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Investigating the Water Potential of the potato cells.

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Shama Lalji BIOLOGY COURSEWORK Investigating the Water Potential of the potato cells. INTRODUCTION: In my experiment I will be looking at the water potential of potatoes. The potato tuber is made up of plant cells, each of which is surrounded by a cell wall that is permeable and a cell membrane that is selectively permeable. This is important as water can move in and out of this permeable membrane. The tendency of water molecules to move from one place to another is called water potential. The symbol for water potential is the Greek letter psi ?. This process is called osmosis; it can be defined as the movement of water molecules from a region of higher water potential to a region of lower water potential through a partially permeable membrane. Pure water has a water potential of zero, the addition of a solute lowers the water potential so all water potential values are less then zero therefore minus. Water tends to move from a less concentrated to a more concentrated solution, i.e. from areas of low negative potential to areas of high negative potential. Equilibrium is when there is the same amount of water molecules in both solutions, which therefore stops the net movement of water molecules. ...read more.


Place one potato tube into each concentration solution and then start the stopwatch. 12. Leave for 20 minutes. Stopwatch 13. After 20 minutes is up, take out the sucrose solution and remove all surface fluid from each potato tube using filter paper, making the potato have minimum contact with the hands. 14. Weigh each potato tube and make a note of the end mass. 15. Repeat twice if results are still unreliable repeat once again. RISK ASSESMENT To make the experiment safe the equipment that was sharp i.e. Scalpels and core borers were used carefully on a cutting tile. Also in case of anything getting into the eyes goggles were worn at all times. RESULTS Below there is a result table of all my results from this I have created two graphs one to show the molarity of the potato using the % change in mass and the second to show the relationship between molarity and solute potential of sucrose solution where I will be using fig 1.b for reference. Table to show results from experiment Concentration Start mass End mass Change of mass % Change of mass (Moles M) (g) (g) (g) (%) 0 (distilled water) 2.86 4.15 -1.29 +45 0.2 3.15 3.27 -0.12 +3.8 0.4 3.18 3.07 -0.11 +3.8 0.6 2.95 2.97 -0.02 +0.6 0.8 3.13 3.01 0.12 -3.8 1.0 (sucrose solution) ...read more.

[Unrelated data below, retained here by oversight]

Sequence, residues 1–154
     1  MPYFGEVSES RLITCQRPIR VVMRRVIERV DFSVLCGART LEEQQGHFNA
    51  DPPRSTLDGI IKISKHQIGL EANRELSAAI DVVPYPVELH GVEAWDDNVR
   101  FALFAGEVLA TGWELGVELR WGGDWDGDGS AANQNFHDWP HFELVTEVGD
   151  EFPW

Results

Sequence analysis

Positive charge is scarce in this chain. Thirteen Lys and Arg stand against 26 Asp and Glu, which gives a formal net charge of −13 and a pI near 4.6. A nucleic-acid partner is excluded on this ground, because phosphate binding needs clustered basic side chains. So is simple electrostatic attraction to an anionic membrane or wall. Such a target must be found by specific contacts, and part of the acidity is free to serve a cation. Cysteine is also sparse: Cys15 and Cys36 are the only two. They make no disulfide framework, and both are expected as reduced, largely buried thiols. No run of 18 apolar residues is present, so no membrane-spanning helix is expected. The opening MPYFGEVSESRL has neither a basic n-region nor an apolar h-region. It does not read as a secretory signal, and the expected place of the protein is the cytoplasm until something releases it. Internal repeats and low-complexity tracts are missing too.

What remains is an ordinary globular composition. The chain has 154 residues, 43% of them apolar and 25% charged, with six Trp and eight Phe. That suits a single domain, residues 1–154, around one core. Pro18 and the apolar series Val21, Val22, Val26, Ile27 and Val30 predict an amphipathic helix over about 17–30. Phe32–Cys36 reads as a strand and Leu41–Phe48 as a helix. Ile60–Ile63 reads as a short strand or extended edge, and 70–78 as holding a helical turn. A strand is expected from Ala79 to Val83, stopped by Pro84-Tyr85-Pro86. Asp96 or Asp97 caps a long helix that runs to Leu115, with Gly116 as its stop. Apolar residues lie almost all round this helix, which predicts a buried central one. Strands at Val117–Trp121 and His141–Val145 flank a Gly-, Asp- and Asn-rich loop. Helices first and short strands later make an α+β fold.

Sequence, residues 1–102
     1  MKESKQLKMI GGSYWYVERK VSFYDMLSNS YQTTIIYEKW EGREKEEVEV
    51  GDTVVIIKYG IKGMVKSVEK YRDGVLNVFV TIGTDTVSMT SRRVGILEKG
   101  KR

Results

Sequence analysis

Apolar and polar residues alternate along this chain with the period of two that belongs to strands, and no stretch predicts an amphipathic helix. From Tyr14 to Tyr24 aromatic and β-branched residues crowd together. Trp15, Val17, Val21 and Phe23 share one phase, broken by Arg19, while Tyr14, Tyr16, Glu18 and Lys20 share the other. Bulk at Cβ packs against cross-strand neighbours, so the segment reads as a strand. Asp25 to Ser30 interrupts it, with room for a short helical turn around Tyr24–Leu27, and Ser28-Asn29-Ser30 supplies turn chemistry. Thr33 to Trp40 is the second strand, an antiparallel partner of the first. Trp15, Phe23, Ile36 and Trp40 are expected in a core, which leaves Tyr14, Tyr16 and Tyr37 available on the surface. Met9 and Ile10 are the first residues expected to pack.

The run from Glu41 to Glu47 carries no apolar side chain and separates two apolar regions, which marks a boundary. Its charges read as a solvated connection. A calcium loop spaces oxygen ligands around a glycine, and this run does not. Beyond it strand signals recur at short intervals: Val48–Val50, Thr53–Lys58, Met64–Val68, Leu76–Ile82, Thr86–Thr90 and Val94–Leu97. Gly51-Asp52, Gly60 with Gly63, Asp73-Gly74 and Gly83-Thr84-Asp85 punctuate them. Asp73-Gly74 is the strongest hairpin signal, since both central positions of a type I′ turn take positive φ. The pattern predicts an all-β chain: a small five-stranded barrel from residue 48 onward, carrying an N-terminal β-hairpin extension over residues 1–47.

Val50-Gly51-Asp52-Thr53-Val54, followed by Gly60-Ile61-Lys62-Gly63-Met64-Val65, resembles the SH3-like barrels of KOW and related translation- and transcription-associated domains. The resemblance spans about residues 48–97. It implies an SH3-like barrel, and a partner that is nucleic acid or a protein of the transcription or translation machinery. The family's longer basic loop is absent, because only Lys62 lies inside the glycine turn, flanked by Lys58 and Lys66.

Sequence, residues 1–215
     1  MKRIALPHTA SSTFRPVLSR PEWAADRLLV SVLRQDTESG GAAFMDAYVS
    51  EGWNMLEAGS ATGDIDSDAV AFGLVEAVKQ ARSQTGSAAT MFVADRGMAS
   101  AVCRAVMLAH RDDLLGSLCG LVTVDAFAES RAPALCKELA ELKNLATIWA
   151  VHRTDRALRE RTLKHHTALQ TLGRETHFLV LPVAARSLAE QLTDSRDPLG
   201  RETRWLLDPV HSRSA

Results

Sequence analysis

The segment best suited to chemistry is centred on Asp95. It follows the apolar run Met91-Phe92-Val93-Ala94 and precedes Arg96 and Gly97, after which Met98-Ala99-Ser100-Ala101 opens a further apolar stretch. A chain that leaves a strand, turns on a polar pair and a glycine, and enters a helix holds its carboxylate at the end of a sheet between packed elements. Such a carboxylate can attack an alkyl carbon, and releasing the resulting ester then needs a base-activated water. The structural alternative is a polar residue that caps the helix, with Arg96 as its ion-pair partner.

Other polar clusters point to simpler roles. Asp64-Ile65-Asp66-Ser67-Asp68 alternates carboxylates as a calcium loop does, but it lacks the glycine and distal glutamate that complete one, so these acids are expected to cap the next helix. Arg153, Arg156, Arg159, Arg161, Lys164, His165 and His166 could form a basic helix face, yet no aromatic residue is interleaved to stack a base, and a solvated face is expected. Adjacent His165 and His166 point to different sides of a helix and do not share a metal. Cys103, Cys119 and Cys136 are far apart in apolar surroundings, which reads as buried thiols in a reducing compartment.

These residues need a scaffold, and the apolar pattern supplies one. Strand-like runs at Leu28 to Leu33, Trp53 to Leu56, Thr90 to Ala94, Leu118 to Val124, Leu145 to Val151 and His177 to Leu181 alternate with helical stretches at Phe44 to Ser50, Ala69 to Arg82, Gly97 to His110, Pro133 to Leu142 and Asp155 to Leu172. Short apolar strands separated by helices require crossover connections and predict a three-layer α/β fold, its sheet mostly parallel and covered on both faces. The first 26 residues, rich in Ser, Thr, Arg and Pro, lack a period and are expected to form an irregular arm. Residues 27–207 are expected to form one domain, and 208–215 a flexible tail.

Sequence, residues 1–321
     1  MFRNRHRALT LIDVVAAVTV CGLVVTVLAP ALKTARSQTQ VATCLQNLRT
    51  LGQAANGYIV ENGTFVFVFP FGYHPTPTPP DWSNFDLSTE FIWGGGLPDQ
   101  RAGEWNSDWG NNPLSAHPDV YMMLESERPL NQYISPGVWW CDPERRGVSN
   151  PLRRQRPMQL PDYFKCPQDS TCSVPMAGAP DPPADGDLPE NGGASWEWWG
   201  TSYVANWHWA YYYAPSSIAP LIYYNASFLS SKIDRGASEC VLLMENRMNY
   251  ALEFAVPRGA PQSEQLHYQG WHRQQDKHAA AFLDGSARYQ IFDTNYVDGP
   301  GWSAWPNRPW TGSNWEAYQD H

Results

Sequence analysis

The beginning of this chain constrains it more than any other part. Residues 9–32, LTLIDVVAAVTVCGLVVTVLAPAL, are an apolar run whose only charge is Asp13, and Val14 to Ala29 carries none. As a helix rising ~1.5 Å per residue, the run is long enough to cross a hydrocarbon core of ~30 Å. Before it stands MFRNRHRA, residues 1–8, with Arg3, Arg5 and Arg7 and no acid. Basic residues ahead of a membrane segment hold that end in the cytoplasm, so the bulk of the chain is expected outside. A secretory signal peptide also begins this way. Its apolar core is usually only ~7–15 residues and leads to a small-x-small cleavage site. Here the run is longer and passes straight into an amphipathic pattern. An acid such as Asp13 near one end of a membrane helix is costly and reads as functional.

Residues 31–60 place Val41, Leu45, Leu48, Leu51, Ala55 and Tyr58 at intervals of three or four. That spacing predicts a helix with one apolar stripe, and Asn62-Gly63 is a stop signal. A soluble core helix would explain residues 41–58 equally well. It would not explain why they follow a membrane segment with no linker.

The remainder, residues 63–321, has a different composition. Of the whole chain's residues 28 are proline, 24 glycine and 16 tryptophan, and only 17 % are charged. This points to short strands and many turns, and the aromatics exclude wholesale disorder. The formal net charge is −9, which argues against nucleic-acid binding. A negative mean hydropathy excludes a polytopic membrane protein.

This would also result in the solutions I used to be unreliable because if the Molarity of for example 1.0 sucrose solution was too high the potato would lose extra water making the weight loss increase causing the results to be erratic. I could have made my own solution, or use a simple titration to find out the Molarity. Out of all the errors that could have occurred from above the one I believe would have caused the greatest impact was the contamination of the solutions and unreliability of the measurements in cutting the potatoes. Increasing the number of results taken so instead of taking results from 7 different molarity levels 10 molarity levels could be taken. This would make the lines of best fit on the graphs more reliable, therefore the end results would be more reliable. Furthermore repeating the whole experiment and taking the average to make the results as reliable as possible, also ignoring any clearly anomalous results. The results I got were matching my prediction therefore they are good. My experiment was reliable but if I were to do it again to make it more reliable I would make time to repeat it and use the changes I have mentioned above. ...read more.

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